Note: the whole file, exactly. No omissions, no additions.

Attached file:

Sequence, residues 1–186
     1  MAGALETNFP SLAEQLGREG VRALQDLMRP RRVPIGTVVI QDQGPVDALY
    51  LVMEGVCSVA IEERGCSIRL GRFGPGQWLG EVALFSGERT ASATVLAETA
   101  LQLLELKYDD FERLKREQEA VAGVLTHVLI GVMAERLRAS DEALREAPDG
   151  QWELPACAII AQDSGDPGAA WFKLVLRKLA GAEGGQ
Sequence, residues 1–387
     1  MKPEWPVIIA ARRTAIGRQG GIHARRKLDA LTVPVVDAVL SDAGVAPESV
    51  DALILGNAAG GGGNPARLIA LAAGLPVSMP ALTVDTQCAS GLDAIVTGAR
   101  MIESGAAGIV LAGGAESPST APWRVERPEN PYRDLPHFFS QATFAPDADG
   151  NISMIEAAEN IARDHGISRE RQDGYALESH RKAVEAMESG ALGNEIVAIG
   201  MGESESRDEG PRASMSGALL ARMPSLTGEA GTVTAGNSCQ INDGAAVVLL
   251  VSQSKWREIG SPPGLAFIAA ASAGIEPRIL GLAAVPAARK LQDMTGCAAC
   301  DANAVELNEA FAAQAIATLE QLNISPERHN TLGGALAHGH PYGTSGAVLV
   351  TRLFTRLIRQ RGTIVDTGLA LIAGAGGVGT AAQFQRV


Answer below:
Sequence, residues 1–186
     1  MAGALETNFP SLAEQLGREG VRALQDLMRP RRVPIGTVVI QDQGPVDALY
    51  LVMEGVCSVA IEERGCSIRL GRFGPGQWLG EVALFSGERT ASATVLAETA
   101  LQLLELKYDD FERLKREQEA VAGVLTHVLI GVMAERLRAS DEALREAPDG
   151  QWELPACAII AQDSGDPGAA WFKLVLRKLA GAEGGQ
Sequence, residues 1–387
     1  MKPEWPVIIA ARRTAIGRQG GIHARRKLDA LTVPVVDAVL SDAGVAPESV
    51  DALILGNAAG GGGNPARLIA LAAGLPVSMP ALTVDTQCAS GLDAIVTGAR
   101  MIESGAAGIV LAGGAESPST APWRVERPEN PYRDLPHFFS QATFAPDADG
   151  NISMIEAAEN IARDHGISRE RQDGYALESH RKAVEAMESG ALGNEIVAIG
   201  MGESESRDEG PRASMSGALL ARMPSLTGEA GTVTAGNSCQ INDGAAVVLL
   251  VSQSKWREIG SPPGLAFIAA ASAGIEPRIL GLAAVPAARK LQDMTGCAAC
   301  DANAVELNEA FAAQAIATLE QLNISPERHN TLGGALAHGH PYGTSGAVLV
   351  TRLFTRLIRQ RGTIVDTGLA LIAGAGGVGT AAQFQRV